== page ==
Man strikes back at police authority snooping
Following a harassment conviction, a Hungarian man discovered that local police investigators had been a bit too curious about the details of the case, which included details of his private life. As a result, he began to bombard first local and then national police departments with inquiries in order to identify those involved in viewing his case. As a result of this one-man campaign, the police may now have to compile and release a database containing information held on record about some 37,000 people.
Kristof Marton, a resident of Szeged in Southern Hungary, admits that he handled the breakup with his girlfriend badly. This led to a 60-day community labor sentence for harassment, resulting from an argument the two had during the breakup. He later discovered from several sources that unauthorised members of the Szeged police force had been going through the details of his case and discussing his personal affairs. As a result, Marton submitted an inquiry to determine who had access to the files and the reasons they were allowed to handle his records.
The Szeged police department informed him that 49 people had accessed the database for various records pertaining to his case. Marton found that the number was 35 too many, since the majority had no direct involvement in the investigation. He asked for additional details which led to a second tally showing that in fact, 67 officers and public servants had viewed his case details. Marton spotted several anomalies, one officer claimed viewing the records to clarify forensic details even though no onsite forensic survey was carried out, while another had accessed from the wrong police department, as the investigation had been transferred to another precinct.
Marton filed criminal charges for the abuse of professional privileges in three cases and against specific individuals. Additionally, in an effort to inconvenience the police, he also began investigating the specifics of how his case was handled. He went to ORFK, the national police department, to get information that would now involve the entirety of the national police force. The data protection ombudsman said that the filing was in order, due to the publicly significant work conducted by the police force, but ORFK refused. The overseeing officer stated that the filing had no specific purpose, citing the unwarranted workload it would require of the policing authorities.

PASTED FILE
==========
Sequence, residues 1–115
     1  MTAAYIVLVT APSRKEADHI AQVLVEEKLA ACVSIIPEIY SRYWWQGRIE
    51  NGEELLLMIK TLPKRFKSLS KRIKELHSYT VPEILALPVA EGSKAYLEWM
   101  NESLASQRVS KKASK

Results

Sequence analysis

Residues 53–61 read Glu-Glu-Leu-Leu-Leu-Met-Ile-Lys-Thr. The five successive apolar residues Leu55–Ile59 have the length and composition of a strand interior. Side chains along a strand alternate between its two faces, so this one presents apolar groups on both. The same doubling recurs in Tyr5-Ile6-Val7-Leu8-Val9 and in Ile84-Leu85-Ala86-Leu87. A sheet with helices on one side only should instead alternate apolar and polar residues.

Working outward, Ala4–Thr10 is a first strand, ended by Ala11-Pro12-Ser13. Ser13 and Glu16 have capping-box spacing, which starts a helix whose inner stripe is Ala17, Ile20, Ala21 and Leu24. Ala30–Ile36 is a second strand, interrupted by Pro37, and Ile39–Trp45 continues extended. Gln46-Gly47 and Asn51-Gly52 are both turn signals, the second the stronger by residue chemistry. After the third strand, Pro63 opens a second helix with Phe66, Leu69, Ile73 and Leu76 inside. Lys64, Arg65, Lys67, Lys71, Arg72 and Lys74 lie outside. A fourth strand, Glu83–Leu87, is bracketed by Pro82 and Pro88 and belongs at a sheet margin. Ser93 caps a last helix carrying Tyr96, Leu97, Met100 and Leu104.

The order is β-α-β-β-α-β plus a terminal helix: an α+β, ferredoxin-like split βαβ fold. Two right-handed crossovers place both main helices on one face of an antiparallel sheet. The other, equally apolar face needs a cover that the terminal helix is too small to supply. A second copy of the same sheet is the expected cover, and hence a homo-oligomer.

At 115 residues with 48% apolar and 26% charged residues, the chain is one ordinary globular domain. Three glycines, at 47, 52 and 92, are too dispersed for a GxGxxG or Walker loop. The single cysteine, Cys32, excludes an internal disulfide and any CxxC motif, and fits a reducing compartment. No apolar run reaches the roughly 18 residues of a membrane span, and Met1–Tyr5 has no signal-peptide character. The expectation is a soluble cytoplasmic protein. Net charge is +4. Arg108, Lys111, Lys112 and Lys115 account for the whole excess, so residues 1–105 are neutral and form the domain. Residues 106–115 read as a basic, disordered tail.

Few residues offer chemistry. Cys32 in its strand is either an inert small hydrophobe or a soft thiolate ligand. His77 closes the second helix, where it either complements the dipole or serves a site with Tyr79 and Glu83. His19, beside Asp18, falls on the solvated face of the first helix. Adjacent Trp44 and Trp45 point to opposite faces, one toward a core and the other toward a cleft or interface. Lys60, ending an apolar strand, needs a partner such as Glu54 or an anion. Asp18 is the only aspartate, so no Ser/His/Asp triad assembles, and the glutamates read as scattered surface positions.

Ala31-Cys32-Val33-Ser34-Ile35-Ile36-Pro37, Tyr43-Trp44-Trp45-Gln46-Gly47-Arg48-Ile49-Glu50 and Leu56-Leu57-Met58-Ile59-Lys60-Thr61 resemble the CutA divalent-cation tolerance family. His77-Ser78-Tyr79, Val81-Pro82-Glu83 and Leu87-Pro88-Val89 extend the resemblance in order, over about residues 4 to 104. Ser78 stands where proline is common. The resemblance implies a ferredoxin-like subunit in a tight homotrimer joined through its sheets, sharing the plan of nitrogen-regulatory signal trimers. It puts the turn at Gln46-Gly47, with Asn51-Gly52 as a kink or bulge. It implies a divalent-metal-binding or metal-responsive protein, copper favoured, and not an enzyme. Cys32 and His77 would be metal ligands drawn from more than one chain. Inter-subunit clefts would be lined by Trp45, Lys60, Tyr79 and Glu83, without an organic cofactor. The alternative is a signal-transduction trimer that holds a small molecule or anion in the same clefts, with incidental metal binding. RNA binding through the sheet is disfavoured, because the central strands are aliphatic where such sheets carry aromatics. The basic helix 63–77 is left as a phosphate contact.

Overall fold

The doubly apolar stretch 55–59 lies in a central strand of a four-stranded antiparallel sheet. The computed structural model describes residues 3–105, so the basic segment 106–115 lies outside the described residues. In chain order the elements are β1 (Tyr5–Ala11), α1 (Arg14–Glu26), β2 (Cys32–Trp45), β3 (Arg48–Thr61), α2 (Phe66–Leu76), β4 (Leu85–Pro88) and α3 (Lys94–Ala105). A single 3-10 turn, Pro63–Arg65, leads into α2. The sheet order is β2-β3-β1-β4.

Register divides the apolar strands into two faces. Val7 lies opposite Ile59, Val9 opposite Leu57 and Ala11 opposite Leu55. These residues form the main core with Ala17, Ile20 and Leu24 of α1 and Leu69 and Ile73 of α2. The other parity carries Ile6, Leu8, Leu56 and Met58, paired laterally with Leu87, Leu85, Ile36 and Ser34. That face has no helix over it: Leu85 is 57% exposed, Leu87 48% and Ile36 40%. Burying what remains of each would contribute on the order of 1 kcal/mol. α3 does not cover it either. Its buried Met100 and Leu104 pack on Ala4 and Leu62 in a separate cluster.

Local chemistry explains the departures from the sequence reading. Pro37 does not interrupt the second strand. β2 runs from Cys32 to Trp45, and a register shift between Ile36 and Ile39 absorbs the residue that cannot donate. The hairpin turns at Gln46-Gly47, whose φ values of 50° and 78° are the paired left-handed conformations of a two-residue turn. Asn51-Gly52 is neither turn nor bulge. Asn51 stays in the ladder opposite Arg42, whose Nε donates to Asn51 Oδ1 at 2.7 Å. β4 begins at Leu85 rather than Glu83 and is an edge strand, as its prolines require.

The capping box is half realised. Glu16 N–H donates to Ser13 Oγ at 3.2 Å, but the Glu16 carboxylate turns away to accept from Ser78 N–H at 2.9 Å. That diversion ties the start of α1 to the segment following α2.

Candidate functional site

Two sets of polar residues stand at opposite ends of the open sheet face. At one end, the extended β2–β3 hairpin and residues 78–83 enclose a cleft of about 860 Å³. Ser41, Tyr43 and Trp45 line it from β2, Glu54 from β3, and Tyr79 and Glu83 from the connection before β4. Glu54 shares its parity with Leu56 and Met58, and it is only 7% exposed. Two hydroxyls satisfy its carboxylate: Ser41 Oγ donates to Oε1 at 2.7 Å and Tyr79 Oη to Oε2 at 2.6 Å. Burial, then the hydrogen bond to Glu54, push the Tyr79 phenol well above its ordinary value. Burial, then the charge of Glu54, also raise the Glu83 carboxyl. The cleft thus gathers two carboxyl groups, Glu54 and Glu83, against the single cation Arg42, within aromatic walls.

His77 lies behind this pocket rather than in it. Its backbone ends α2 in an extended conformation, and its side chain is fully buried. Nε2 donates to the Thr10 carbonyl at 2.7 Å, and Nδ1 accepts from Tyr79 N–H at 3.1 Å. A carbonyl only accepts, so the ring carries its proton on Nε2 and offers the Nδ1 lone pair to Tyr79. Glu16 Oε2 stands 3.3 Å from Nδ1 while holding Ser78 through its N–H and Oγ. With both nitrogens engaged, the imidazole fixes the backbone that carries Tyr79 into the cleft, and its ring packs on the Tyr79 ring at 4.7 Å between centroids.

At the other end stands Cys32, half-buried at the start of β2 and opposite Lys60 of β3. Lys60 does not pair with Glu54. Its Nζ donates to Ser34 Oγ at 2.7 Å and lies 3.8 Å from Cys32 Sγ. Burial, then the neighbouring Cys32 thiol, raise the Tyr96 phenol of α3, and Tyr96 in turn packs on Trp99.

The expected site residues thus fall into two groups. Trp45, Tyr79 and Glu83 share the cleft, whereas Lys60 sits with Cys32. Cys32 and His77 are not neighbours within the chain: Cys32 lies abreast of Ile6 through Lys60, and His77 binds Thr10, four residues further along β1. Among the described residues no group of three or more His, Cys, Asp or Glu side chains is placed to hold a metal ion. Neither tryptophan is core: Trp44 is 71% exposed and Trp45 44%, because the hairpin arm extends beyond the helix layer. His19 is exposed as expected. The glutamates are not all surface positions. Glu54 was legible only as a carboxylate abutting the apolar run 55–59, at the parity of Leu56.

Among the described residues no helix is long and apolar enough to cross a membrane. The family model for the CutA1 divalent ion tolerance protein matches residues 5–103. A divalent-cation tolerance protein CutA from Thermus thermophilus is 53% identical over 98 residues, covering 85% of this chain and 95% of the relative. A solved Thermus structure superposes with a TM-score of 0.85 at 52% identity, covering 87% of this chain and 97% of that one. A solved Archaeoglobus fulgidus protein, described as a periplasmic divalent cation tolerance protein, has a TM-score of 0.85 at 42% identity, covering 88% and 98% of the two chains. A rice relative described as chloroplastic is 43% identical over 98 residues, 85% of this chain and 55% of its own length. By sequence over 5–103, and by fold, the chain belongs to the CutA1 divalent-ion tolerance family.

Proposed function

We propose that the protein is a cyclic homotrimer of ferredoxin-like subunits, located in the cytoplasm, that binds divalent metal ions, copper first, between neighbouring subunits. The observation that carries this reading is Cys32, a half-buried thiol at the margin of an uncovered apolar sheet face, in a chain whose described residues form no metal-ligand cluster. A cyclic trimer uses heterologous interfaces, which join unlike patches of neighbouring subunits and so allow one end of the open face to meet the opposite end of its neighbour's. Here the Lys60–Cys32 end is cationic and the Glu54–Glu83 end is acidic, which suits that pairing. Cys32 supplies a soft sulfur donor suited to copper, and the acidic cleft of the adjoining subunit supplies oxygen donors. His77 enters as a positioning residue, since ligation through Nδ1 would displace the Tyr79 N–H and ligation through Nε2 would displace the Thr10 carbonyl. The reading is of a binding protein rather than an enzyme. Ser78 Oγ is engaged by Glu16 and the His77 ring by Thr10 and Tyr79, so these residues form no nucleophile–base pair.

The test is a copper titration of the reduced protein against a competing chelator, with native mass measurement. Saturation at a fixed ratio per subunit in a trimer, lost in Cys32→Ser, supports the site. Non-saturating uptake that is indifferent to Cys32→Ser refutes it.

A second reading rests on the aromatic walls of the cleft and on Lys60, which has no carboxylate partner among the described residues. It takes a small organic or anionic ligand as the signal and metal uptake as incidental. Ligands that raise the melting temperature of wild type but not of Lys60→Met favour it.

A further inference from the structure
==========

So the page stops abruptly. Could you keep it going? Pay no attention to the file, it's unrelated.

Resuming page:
The courts disagreed, with Marton’s victory now requiring the police to compile a database containing some 37,000 entries – displaying the true extent of the authorities’ inconsistencies towards data protection. ORFK have appealed this ruling. In the meantime, the police have began investigating the Turpis Causa Facebook page, where they suspect Marton made slanderous accusations about a senior police officer. Investigators raided Marton’s home and workplace and confiscated computers to determine whether it was actually him who made the posts in question. However, neither the IT nor the linguistic expert could conclusively confirm these suspicions – which had been based solely on the fact that it often discussed detailed aspects of Marton’s case. In turn, Marton is now unemployed, claiming that he was fired as a result of the police raids. The case will now continue in the appeals court.